At about the same time Russell Storer, the contemporary Asian art curator at the Queensland Art Gallery, a government museum that organizes the Asia Pacific Triennial, took his own research trip to Cambodia, and came back "very excited about the artists," he had met, he said. "Forever" includes the three artists selected by Mr. Storer for Brisbane.

Erin Gleeson, an American historian of Asian art who lives in Cambodia, curated the Chancery exhibit, conscious that it needed to go beyond what she called "the two Ts" - temples and trauma - that most people reflexively associate with the nation. Though those themes provide a starting point for some of the pieces, making them accessible, Ms. Gleeson keeps it all interesting by highlighting the merit and context of each work.

At the entrance of the main gallery, to set the mood, she hung "Pray for Peace," an eerie but optimistic 2008 oil-on-canvas by Vann Nath portraying Cambodians worshiping under a stormy sky. Now very ill and in his 60s, Mr. Vann Nath is one of only seven survivors of Tuol Sleng, the notorious camp where Pol Pot's functionaries killed up to 20,000 people.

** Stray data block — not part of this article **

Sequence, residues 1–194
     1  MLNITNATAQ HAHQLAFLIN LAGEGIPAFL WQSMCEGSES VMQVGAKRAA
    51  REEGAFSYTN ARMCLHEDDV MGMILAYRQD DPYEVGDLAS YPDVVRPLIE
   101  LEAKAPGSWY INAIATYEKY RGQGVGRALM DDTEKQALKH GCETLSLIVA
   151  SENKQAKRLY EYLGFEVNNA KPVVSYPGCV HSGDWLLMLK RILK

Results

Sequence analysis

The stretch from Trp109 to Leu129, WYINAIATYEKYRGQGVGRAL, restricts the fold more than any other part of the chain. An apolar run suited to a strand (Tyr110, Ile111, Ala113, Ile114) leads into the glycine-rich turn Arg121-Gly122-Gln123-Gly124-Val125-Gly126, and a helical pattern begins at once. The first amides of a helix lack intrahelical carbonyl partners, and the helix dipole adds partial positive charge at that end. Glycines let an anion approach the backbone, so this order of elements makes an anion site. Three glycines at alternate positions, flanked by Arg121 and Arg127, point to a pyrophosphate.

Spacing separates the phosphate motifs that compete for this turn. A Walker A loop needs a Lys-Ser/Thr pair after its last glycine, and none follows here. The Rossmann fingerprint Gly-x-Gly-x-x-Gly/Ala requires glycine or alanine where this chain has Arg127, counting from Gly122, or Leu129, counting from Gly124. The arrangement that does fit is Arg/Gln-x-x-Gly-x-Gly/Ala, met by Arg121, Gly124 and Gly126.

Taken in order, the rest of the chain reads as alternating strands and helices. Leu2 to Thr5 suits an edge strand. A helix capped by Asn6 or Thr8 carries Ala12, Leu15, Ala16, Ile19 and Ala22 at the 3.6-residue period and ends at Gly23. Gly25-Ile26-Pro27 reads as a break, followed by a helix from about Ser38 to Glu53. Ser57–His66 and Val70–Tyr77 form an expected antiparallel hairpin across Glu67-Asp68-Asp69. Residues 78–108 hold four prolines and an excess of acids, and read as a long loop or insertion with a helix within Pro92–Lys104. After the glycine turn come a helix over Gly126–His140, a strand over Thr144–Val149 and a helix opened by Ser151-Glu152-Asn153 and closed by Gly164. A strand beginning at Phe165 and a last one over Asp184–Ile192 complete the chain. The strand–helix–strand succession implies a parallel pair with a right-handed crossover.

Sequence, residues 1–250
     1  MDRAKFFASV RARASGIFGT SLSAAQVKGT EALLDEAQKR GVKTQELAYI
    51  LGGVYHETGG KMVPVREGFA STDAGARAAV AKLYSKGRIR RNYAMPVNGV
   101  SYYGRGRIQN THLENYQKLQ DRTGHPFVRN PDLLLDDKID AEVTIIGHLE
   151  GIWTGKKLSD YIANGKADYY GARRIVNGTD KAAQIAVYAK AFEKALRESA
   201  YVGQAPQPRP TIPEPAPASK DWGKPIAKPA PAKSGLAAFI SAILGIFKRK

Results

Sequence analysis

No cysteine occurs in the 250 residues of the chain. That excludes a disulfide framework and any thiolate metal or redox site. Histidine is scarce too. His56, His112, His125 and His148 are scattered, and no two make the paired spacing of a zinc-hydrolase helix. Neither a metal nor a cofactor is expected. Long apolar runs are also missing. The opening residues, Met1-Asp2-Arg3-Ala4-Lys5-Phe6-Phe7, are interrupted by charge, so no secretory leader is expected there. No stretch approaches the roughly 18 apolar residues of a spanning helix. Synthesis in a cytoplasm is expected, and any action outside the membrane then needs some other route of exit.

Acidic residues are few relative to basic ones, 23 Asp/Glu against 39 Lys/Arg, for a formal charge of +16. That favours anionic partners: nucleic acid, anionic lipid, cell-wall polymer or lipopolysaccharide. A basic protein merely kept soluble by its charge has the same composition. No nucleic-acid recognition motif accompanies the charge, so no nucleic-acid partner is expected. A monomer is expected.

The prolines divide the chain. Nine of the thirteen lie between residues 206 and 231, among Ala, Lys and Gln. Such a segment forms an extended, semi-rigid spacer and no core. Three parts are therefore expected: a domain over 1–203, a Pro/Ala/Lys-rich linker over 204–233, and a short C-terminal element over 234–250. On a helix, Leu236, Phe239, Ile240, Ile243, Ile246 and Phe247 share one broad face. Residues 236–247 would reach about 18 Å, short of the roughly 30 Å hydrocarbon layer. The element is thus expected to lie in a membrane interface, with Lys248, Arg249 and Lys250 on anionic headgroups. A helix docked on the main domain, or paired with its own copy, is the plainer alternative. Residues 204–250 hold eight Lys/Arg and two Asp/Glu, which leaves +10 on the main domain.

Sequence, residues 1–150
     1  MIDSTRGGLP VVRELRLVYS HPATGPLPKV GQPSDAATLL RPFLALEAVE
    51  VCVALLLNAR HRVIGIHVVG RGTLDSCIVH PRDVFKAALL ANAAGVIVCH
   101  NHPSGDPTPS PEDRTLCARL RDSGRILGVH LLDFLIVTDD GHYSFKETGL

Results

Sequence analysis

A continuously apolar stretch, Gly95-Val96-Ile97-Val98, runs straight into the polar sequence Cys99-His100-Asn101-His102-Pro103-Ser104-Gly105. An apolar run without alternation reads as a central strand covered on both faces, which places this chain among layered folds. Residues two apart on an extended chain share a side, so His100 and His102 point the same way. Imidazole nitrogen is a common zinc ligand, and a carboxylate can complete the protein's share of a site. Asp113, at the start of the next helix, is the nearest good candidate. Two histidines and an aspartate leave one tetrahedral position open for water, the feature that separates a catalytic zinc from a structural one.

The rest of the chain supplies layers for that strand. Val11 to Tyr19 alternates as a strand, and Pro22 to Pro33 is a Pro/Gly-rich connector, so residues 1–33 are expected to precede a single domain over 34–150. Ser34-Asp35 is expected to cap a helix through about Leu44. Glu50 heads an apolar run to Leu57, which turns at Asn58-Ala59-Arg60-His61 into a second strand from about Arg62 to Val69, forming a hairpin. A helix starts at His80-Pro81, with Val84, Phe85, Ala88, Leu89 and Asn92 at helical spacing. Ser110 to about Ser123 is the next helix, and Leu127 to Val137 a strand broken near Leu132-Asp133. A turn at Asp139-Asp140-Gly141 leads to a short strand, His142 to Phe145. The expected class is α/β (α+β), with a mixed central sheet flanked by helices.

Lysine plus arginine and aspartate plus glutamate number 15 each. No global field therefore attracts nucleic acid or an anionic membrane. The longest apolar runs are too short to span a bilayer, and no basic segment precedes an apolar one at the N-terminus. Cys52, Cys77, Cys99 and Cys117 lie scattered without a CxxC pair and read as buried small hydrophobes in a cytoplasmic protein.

Next to the piece, on a continuous loop, is "S-21: The Khmer Rouge Death Machine," the 2003 multi-award-winning documentary on Tuol Sleng, by a film festival favorite, Rithy Panh. The painting is for sale for 55,000 Hong Kong dollars, or about $7,100; the video is not, though it is widely available from DVD retailers.

Seven paintings by the late Svay Ken (from 75,000 to 100,000 Hong Kong dollars) occupy a place of honor in the Chai Wan gallery. They are scenes from daily life, made in the naïve, folk style for which he became known. Mr. Storer, who chose him for the triennial, said that "Svay Ken was a senior painter, self-taught, who lived through the turbulent history of the country and represented it through his work." He died in December at age 75. "Forever" also includes three amateurly rendered canvases by his 25-year-old granddaughter, Ouk Sochivy, who only began painting last year.

Back in Central, four colorful collages by Leang Seckon, who was born in 1974, are memorable for their crowd-pleasing appeal. Leang Seckon is the best-known artist of his generation, and Cambodians recognize him for his art collaborations with a 1960s pop icon named Dy Saveth, as well as for his solitary work. In "Prison Guard," he narrates the life of Duch, the man in charge of Tuol Sleng who, while awaiting trial, converted to Christianity and became the only Khmer Rouge leader to publicly repent.